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New inroads for resetting circadian clock

Researchers discover link between circadian timer and brain’s wake system

University of Calgary psychology professor Michael Antle, a specialist in circadian rhythms, was the senior author on the paper.

Photo by Riley Brandt, University of Calgary

A new and groundbreaking sleep study emerging from the University of Calgary draws a previously undiscovered link between the brain’s internal timer, the circadian clock, and the part of the brain that controls wakefulness. A team of researchers from the Department of Psychology and the Hotchkiss Brain Institute has shown that this area of the brain communicates directly with our circadian clock and is instrumental in resetting it.

The study — published in the academic journal PNAS (Proceedings of the National Academy of Sciences) — will be of particular interest to anybody who has flown across time zones, pulled an all-nighter for an exam, or experienced the joys of rotating shift work. In those situations we’re acutely aware that changes in our sleep schedule can throw off our circadian rhythms and make it harder to sleep, no matter how exhausted we are. We all got a taste of this last week, in fact, when we had to set our clocks back an hour thanks to the switch to standard time from daylight savings time.

Looking to minimize the effects of sleep disruptions

“Discovering how to reset the circadian clock in our brain as easily as we reset the clocks on our wall or our iPhones is important because it might help minimize the adverse consequences of sleep disruptions,” says psychology professor Michael Antle, a specialist in circadian rhythms who was the senior author on the paper.  

The study shows a connection between the circadian clock and the part of the brain that controls wakefulness — specifically the cholinergic forebrain, an important part of the brain’s arousal system.

“Many studies have drawn links between the circadian clock and the sleep system of the brain, but the connection to the wake system has not been made,” says Antle. “We know that the circadian clock talks to the wake system and says, ‘It’s time to be awake.’ But we’ve now learned that the wake system has a feedback signal that can allow us to adjust our clocks.”

Sufficient level of wakefulness is key

The key to this adjustment, says Antle, is a sufficient level of wakefulness, which allows for an arousal resetting of the circadian clock. Exercise may be a key to this arousal, as would be any activities that increase alertness.

Of course, the best way to increase alertness is by being well rested. “When you sleep and for how long you sleep is dependent on two things,” explains Antle. “One is your circadian clock and the other is how well rested you are. With shift workers, for example, there are two challenges. You’ve got to keep your circadian clock aligned to your shifting work schedule so your body is not resisting it when your clock is telling you it’s time to be sleeping. But, ideally, to fix the problem of your circadian clock it’s best to be well rested leading up to the times when sleep disruptions are going to occur.”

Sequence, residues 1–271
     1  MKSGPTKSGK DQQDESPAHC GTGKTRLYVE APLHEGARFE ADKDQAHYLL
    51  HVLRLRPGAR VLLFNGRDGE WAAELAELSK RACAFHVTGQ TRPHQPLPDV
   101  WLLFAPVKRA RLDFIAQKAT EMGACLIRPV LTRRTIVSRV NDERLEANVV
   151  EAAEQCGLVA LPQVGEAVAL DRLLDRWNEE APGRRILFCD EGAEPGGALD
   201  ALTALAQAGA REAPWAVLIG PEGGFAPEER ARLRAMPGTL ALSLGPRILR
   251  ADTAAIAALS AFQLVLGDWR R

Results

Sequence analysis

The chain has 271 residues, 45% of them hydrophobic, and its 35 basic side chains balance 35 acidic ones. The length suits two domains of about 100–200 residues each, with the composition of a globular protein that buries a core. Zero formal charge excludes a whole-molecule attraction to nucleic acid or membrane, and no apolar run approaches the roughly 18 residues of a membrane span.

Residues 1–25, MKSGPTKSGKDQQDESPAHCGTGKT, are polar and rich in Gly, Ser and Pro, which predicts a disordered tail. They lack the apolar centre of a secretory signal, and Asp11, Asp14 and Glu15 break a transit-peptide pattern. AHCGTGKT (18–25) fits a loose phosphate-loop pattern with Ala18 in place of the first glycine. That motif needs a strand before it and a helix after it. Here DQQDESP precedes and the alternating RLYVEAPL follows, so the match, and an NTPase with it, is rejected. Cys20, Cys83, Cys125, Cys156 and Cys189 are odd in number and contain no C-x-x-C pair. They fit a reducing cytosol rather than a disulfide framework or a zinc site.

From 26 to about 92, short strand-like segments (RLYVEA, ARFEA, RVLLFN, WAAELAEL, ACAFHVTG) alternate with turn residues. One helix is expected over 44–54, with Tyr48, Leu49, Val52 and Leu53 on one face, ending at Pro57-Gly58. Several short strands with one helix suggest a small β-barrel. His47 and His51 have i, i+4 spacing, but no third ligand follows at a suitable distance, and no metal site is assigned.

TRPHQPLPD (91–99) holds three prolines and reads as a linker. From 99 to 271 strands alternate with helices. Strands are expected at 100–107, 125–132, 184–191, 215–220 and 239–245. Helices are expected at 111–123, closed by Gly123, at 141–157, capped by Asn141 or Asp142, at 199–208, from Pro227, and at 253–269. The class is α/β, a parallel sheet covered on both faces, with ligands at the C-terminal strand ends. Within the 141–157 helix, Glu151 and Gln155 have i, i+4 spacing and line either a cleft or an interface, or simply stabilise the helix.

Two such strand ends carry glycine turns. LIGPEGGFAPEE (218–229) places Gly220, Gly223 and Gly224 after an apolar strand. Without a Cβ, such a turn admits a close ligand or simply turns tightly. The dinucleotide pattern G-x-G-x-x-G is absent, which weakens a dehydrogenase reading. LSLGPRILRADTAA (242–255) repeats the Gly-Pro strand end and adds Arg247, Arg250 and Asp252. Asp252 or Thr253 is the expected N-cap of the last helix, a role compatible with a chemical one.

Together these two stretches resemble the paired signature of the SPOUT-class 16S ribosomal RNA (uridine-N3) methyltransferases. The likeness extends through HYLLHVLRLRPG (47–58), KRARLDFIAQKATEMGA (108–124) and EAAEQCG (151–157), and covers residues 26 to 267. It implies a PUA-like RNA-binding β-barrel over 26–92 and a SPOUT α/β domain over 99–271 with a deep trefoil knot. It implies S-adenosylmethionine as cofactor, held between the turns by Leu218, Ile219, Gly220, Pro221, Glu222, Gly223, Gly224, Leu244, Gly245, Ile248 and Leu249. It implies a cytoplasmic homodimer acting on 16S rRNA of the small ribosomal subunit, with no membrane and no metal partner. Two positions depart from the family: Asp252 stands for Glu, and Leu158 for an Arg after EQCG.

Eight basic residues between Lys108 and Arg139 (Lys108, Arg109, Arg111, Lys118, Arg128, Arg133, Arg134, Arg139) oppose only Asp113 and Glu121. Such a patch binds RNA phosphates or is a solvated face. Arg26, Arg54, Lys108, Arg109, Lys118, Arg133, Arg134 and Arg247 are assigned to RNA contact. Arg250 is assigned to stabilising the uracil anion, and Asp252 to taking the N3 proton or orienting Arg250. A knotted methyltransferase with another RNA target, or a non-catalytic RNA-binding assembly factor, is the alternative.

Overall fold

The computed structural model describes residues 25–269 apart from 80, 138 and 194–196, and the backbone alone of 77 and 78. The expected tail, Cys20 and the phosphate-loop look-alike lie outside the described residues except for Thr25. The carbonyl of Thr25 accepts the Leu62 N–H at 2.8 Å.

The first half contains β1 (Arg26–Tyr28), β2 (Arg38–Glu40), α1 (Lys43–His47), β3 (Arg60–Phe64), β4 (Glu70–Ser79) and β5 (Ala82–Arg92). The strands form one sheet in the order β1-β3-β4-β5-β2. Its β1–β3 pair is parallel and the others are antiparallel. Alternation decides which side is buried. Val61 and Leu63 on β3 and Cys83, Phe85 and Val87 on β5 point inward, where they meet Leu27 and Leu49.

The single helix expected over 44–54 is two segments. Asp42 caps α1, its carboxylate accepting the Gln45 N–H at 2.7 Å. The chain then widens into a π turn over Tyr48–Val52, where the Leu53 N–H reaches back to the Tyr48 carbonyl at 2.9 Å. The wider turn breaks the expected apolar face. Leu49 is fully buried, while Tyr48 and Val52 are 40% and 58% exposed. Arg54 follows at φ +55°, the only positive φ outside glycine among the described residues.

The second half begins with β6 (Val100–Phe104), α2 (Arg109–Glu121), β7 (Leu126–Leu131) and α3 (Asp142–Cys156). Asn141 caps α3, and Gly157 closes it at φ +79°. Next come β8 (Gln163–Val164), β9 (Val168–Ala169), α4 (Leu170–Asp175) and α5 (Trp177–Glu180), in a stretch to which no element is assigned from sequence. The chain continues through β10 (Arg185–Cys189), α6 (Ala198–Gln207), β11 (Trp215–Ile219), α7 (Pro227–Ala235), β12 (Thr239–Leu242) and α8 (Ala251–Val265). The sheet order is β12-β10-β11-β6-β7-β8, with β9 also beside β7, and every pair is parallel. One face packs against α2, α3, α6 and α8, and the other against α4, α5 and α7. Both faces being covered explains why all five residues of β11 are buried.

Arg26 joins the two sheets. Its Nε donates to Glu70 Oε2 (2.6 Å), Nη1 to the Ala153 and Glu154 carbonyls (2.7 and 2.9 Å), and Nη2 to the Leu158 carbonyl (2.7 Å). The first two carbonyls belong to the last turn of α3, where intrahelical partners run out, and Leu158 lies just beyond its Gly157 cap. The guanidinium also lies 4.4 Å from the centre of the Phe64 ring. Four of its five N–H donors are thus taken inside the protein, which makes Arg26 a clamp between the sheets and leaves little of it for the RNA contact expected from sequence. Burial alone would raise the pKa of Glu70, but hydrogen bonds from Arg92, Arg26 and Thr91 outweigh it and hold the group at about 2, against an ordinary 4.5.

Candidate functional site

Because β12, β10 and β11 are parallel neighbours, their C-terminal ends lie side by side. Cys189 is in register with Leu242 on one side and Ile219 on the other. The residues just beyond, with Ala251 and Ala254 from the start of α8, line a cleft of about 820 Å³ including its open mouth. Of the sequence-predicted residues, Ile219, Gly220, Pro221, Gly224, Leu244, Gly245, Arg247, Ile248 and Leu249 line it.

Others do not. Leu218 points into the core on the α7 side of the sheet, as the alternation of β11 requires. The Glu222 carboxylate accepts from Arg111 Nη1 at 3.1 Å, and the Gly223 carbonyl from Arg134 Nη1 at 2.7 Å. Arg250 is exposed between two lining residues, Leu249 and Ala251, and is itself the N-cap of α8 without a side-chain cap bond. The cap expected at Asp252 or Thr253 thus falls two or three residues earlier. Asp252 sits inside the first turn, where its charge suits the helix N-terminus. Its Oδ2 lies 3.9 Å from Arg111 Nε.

In the past, research in this field has commonly focused on the effects of light on our circadian rhythms, as this sends our brain cues as to whether it’s day or night. Today’s near constant use of computers and smart devices with their lighted screens complicates the problems, sending the brain confusing cues as to when it’s time to sleep.

Finding a new tool to understanding sleep disorders

But light is only a small component affecting the brain’s alertness system, says Antle. Exercise and other methods producing wakefulness can be even more effective in resetting our circadian clocks.

“This finding gives us a new tool to explore for helping to reset the circadian clock of people with sleep or circadian disorders,” Antle explains. “Conversely, this also helps us understand how arousal at the wrong times of our 24-hour day might lead to sleep and circadian disruptions. For instance, staying up until the middle of the night playing video games not only robs us of sleep, but the associated arousal might also disrupt our clocks making it harder for us to be awake and asleep at the right times on later days.”

In future studies, Antle and his co-researchers plan to focus attention on a thus far understudied neurotransmitter called acetylocholine, which is the link between the arousal centre of the brain and the circadian clock. “Our hope is that this finding might lead to new treatments for circadian disruption,” says Antle.